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and one in particular, in the market-place of Selkirk, bearing this inscription :

66 ERECTED IN August, 1839,

IN PROUD AND AFFECTIONATE REMEMBRANCE

OF

SIR WALTER SCOTT, BARONET,

SHERIFF OF THIS COUNTY

FROM 1800 TO 1832.

By Yarrow's stream still let me stray,
Though none should guide my feeble way;
Still feel the breeze down Ettricke break,
Although it chill my withered cheek."

Sir Walter Scott is undoubtedly the most remarkable writer that figures in the literary annals of the nineteenth century. As a poet, historian, novelist, and critic, he achieved a lofty reputation; and if his productions in each department are not superior to those of all his contemporaries, they possess merits that entitle them to a high rank. In romantic fiction he is altogether without even a rival. Sir Walter is the true successor of Fielding and Smollett, and to their knowledge of character and deep insight into the human heart, he added a power of describing the magnificent scenery of his native land, and an aptness for historical illustration, peculiarly his own. In this volume are enshrined those poems which first introduced him to the public, and upon which the pillars of his fame may be said to rest. These exquisite pictures of the manners and customs of a past age, freely interspersed with glowing descriptions of the bold romantic scenery of Scotland, enriched by traditions that still cling to many a noted spot or ruin, rank amongst the choicest treasures of English literature. The lapse of nearly half a century has confirmed the favourable verdict with which they were at first received; and amid changes of taste and new systems of poesy, these charming productions maintain their superiority, and are still sought for and studied by all classes of the community.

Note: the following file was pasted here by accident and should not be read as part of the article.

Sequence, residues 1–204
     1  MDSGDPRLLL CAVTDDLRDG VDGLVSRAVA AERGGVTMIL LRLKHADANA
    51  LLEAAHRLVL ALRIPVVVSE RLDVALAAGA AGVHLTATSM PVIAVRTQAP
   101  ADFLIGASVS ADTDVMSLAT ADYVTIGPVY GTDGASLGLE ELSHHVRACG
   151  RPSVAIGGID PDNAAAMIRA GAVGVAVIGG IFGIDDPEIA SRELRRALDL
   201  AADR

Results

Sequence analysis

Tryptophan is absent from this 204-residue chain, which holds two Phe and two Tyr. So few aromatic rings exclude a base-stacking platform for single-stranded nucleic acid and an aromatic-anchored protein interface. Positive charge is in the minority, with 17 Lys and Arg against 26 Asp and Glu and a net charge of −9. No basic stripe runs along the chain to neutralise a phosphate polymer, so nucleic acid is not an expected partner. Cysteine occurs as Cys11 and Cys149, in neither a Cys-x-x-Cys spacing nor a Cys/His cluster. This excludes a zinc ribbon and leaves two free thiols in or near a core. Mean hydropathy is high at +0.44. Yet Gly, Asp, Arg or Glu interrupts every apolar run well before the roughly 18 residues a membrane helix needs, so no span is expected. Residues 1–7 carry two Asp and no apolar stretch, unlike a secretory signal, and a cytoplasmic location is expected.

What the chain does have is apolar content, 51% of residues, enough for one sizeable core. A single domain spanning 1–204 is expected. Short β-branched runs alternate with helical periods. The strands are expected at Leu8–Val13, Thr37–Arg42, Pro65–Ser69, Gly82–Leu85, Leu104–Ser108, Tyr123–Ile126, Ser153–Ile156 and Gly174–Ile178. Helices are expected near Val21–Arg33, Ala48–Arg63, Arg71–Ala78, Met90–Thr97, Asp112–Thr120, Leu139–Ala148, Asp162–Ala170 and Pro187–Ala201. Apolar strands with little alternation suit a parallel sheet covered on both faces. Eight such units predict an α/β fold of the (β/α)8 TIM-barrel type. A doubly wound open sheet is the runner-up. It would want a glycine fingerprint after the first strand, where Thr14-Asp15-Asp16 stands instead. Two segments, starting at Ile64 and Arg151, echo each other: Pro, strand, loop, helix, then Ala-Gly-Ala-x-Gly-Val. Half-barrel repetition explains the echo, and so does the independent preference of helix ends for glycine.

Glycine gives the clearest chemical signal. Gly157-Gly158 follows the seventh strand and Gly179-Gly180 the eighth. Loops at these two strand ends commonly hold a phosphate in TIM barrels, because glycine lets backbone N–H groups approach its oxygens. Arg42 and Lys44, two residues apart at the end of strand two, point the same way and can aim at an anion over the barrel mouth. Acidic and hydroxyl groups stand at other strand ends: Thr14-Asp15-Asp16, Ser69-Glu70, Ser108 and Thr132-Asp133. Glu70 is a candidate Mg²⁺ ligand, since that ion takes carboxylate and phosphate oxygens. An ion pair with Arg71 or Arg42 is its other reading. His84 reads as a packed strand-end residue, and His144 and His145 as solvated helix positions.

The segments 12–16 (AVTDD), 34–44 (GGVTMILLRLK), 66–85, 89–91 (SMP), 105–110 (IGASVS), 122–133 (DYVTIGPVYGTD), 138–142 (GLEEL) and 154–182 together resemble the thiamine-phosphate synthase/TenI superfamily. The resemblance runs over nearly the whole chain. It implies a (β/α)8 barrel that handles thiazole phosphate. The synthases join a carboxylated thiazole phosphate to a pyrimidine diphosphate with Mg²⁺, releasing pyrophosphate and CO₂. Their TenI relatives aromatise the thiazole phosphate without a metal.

London, May 30, 1857.

G. H. T.

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THE LAY

OF

THE LAST MINSTREL.

A Poem.

IN SIX CANTOS.

"Dum relego, scripsisse pudet; quia plurima cerno, Me quoque, qui feci, judice, digna lini."

B

TO

THE RIGHT HONOURABLE

CHARLES, EARL OF DALKEITH,

THIS POEM IS INSCRIBED BY THE AUTHOR.

PREFACE TO THE FIRST EDITION, 1805.

THE Poem now offered to the Public is intended to illustrate the customs and manners, which anciently prevailed on the Borders of England and Scotland. The inhabitants, living in a state partly pastoral and partly warlike, and combining habits of constant depredation with the influence of a rude spirit of chivalry, were often engaged in scenes highly susceptible of poetical ornament. As the description of scenery and manners was more the object of the Author, than a combined and regular narrative, the plan of the ancient metrical romance was adopted, which allows greater latitude, in this respect, than would be consistent with the dignity of a regular poem. The same model offered other facilities, as it permits an occasional alteration of measure, which, in some degree, authorizes the changes of rhythm in the text. The machinery also, adopted from popular belief, would have seemed puerile in a poem, which did not partake of the rudeness of the old Ballad, or Metrical Romance.

For these reasons, the Poem was put into the mouth of an ancient Minstrel, the last of the race, who, as he is supposed to have survived the Revolution, might have caught somewhat of the refinement of modern poetry, without losing the simplicity of his original model. The date of the tale itself is about the middle of the sixteenth century, when most of the personages actually flourished. The time occupied by the action is three nights and three days.